Tuesday, July 09, 2002

In the 1920s Eddie McGuire wrote to T. Nelson Downs asking if he could buy some of his card secrets. Downs agreed to sell, and for an initial fee of $50, a considerable sum at that time, began a correspondence which extended over a decade and included many effects. The following was among them.

Thirty two cards handed to you and you openly deal them into two face down heaps, one card at a time to a heap, and step away. No palming. No extra cards. Two parties advance and pocket the heaps, and at your command two cards pass from one party's pocket and join those in the pocket of the other man. Simple and beautiful in effect.

There is a subtle variation in the dealing, which, when properly executed is indetectable if you patter and do not count as you deal. The first eight cards are dealt singly, one to each heap. Left thumb keeps the packet you are dealing from very slightly fanned. As you appear to deal the ninth card, you will find it very easy to deal two cards as one. The hand is in motion, and the fact is never suspected. Deposit the two on first heap, and without hesitating, right hand returns to pack and this time deals a single card onto second heap. then two together on first heap, and single card onto second. Then deal six singly, three to each heap. Then two to first heap, one to second. Two again to first heap and a single card to second. Continue to deal remainder of cards singly.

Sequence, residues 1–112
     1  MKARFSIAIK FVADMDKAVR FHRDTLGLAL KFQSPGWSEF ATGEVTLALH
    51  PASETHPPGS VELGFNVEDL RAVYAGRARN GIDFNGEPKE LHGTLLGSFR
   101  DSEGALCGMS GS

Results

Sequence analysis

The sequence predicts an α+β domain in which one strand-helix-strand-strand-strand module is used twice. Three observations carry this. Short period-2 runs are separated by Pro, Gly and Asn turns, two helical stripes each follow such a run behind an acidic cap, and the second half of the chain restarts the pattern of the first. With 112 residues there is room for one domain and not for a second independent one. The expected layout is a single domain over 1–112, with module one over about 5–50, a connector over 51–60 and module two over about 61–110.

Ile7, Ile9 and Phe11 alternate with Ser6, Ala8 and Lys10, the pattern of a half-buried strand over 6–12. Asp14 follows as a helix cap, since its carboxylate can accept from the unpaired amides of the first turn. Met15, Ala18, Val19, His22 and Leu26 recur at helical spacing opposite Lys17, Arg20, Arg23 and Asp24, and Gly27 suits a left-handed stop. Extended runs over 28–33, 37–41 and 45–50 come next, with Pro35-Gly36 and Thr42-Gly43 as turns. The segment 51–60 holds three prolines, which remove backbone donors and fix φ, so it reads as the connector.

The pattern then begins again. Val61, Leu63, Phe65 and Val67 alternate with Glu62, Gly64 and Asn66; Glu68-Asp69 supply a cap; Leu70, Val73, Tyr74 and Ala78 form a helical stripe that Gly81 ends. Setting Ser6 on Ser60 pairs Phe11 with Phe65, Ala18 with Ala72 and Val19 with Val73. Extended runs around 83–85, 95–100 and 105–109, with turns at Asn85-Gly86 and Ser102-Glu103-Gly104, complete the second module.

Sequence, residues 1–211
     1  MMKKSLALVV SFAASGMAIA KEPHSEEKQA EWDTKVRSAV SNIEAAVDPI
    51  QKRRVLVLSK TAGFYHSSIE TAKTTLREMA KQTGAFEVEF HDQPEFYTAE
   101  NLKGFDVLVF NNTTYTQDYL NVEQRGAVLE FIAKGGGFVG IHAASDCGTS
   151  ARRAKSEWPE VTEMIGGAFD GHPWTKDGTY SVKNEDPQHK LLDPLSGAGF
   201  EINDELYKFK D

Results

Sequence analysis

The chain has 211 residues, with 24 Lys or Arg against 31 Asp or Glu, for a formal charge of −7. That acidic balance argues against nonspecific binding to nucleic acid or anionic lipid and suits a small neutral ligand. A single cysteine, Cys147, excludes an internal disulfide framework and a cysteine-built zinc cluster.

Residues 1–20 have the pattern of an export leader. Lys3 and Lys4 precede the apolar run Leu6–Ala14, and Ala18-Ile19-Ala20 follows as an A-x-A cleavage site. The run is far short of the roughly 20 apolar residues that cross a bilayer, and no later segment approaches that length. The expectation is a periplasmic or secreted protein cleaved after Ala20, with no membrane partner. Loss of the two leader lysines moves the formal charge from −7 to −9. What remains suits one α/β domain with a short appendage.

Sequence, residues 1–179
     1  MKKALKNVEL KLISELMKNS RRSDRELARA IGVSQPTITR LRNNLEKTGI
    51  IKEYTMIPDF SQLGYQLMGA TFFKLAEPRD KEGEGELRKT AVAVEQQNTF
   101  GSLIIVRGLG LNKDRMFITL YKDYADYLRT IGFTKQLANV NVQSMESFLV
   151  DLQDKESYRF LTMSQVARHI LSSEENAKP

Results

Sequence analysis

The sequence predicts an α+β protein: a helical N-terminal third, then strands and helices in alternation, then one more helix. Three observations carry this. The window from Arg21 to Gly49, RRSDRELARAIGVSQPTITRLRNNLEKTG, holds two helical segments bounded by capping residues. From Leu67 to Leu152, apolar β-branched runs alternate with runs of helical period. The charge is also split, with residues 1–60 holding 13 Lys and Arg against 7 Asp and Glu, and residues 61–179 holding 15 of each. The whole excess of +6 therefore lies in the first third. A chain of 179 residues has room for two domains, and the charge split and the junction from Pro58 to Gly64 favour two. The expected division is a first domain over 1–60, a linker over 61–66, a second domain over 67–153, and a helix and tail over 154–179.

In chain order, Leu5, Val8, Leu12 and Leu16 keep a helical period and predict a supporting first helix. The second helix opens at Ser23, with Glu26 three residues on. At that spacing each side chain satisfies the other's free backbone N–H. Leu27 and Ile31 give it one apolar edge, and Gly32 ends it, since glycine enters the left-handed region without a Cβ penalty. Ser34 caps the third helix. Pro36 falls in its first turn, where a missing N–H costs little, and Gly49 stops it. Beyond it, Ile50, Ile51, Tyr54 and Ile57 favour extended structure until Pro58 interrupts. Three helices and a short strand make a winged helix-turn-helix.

If you do not count as you deal, it is never observed that you do not make 32 separate dealing motions, and your patter keeps company from counting. First heap contains 18 cards, and second, 14. They will say each contains 16, when you inquire of them. The trick is done before they realize you've begun, hence it is difficult to detect.

The original description actually omitted one of the double deals. I've added that to clarify matters. It's one of the earliest uses of the double deal I have come across in a magic effect.